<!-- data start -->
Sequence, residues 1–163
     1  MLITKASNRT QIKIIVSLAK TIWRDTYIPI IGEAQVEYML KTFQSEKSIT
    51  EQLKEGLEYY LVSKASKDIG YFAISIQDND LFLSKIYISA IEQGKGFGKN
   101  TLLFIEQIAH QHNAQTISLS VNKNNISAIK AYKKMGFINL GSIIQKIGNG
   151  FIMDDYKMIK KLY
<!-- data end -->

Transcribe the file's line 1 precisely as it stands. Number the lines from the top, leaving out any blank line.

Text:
Sequence, residues 1–163